It has never been a secret that UWB was going to have some difficulty finding a place of its own in the global spectrum. The bands below 6 GHz are pretty crowded and the ones above it offer something of a patchwork of availability when you look at it from a global perspective.
An added difficulty is the problem of designing and building a cost-effective radio that operates at 6 GHz and up. CMOS is just not there yet. But apparently SiGe isif you wish to infer that from the fact that Alereon has a SiGe solution and is sampling its AL5000 chip set now.
Alereon plans to have sample evaluation boards in the third quarter. It's not saying anything too definitive about when production quantities will be available. But it is likely they will be ready before anybody who is using CMOS.
Solving the radio challenge also allows Alereon to address the spectrum challenge in an intelligent way.
By supporting the three band groups between 7.9 and 10.6 GHz, Alereon makes it possible to provide 17 channels for consumers in Japan and Korea (two big markets). Multiple channels are necessary because UWB technology s based on sending information at low power across (you guessed it) a wide, even ultra-wide, spectrum.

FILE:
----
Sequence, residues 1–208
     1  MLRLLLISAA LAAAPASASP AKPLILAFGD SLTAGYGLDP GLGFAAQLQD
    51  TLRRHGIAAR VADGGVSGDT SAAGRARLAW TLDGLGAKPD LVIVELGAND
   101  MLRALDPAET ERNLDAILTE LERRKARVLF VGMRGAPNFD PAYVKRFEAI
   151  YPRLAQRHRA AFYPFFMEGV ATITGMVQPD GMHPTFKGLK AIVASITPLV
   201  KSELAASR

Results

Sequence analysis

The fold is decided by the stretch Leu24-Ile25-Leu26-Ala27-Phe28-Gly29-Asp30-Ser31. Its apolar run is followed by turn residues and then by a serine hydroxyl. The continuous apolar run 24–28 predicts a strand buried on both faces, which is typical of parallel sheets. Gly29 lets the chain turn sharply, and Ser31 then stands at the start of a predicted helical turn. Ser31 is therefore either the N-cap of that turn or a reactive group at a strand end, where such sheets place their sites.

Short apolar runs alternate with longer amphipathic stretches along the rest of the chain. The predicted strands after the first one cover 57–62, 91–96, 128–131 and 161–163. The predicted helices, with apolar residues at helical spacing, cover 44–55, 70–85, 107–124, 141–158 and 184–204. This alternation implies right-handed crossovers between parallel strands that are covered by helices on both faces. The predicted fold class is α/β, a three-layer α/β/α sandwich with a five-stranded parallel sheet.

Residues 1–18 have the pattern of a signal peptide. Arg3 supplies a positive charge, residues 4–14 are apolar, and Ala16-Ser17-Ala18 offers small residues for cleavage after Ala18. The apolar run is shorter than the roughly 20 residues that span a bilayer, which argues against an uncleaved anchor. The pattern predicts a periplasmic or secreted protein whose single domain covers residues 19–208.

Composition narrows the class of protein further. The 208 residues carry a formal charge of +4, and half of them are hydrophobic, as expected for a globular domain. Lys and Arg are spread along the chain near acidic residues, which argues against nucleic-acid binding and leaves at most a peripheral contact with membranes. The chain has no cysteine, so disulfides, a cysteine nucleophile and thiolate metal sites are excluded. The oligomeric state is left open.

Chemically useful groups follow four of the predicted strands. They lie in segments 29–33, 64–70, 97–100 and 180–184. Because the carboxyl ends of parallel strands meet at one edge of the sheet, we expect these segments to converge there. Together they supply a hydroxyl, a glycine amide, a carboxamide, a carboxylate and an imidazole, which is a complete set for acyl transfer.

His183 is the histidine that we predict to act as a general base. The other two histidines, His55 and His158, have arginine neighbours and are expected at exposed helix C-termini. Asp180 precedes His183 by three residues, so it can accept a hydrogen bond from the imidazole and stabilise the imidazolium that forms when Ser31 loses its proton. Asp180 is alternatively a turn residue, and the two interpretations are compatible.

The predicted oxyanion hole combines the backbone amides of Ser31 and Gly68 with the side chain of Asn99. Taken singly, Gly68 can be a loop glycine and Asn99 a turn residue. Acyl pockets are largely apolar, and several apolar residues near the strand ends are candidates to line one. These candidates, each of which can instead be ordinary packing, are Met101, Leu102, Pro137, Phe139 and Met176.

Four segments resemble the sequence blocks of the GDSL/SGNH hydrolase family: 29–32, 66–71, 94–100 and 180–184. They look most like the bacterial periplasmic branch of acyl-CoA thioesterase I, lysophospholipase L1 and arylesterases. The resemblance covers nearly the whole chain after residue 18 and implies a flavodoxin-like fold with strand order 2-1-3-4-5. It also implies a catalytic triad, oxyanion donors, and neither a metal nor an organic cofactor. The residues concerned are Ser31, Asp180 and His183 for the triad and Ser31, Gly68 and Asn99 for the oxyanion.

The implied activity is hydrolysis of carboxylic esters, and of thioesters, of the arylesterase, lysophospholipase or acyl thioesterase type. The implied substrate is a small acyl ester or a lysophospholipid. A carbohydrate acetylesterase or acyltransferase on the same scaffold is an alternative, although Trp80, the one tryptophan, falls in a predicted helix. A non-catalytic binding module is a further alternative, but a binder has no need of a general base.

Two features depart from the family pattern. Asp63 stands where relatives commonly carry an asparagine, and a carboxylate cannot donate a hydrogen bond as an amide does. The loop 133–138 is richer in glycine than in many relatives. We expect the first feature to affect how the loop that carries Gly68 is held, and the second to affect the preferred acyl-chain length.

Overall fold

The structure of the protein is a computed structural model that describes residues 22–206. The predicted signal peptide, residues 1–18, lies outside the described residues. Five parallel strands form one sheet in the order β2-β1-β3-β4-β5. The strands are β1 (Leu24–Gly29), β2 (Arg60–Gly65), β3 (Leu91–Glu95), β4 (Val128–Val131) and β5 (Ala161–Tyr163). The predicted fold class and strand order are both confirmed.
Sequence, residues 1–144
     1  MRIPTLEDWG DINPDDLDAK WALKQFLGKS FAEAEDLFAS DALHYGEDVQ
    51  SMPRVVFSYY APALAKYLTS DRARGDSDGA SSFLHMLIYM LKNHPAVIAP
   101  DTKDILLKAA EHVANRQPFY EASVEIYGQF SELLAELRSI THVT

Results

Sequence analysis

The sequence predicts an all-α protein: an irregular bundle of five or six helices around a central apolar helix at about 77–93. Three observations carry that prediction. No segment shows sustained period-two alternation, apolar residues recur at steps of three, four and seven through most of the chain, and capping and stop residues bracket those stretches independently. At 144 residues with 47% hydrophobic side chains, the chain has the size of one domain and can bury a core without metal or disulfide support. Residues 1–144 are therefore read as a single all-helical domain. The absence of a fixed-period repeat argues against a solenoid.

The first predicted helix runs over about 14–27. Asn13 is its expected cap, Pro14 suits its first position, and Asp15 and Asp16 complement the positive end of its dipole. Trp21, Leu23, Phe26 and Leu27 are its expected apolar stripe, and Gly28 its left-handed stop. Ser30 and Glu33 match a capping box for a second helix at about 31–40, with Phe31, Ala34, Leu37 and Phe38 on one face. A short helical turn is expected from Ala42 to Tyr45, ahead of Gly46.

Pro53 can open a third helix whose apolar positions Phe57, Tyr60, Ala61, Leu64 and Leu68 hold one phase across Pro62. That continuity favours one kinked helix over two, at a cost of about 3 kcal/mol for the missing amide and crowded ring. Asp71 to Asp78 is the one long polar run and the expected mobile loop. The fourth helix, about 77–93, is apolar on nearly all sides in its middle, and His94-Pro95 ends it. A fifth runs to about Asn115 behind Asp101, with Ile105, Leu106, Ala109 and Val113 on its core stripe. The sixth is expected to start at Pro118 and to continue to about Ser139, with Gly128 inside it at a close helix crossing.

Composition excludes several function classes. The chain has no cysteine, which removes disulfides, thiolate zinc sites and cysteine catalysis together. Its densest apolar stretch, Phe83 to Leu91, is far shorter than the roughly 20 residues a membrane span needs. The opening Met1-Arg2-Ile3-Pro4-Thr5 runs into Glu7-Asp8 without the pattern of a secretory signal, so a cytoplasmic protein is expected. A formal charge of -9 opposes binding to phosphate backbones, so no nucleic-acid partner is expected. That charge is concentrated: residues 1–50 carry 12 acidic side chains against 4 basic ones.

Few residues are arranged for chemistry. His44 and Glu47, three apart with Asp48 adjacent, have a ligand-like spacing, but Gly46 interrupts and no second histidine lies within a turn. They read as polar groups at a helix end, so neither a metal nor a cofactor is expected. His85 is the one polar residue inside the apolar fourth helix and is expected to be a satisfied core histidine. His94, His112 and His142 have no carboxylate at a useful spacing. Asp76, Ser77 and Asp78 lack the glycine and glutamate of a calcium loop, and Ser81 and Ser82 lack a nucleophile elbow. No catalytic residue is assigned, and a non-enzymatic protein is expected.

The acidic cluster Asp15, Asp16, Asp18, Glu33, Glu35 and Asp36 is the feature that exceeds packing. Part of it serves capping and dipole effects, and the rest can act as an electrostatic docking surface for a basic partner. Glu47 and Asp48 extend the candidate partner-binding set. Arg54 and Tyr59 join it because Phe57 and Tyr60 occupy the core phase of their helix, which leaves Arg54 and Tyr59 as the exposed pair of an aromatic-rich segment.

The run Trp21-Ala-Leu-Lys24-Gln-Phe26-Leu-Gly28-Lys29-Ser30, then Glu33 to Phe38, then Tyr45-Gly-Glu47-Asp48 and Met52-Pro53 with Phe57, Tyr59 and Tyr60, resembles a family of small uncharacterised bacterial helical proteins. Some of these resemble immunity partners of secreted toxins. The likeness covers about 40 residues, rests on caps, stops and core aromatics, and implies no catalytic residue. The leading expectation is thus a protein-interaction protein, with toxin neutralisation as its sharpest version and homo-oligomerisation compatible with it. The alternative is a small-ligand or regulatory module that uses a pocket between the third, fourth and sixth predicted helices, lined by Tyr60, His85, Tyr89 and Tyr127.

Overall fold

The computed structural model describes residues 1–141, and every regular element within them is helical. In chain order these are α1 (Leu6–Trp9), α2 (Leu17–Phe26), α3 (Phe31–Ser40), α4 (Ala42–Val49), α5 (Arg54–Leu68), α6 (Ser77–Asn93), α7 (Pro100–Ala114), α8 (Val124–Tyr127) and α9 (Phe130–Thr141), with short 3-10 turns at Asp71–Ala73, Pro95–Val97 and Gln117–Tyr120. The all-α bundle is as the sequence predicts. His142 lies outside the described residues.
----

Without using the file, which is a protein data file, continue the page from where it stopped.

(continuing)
UWB in general and Certified Wireless USB in particular have had a tough time getting traction.
At the beginning of this year, Belkin had some widely reported problems with end-user equipment. Since then, there has been a lot of silence in terms of certifications. As far as I know, only Alereon's PHY has been certified by the USB-IF (Universal Serial Bus Implementers Forum).
Right now, it looks to me like we aren't going to see a lot of products using the 3 GHz spectrum alone even though those were the ones most companies were working on. As I understand it, the 3 GHz products were always thought of as being a bridge into the market and that they would be supplanted by 6 GHz products sooner or later.
Now it seems that the 3-gig window of opportunity may be closing. My guess it got even more complicated when chipmakers encountered hesitancy from OEMs who really don't want to go through the same kind of pain Belkin must have experienced.
Even more important as far as future considerations go is the fact that OEMs would much prefer to have one chip set that can handle all the bands right up to 10 GHz. They don't want to be selling products based on one chip set here and another in Japan. For one thing, the cost of buying in smaller quantities is significant. And design costs are greater as well even though they may not be double.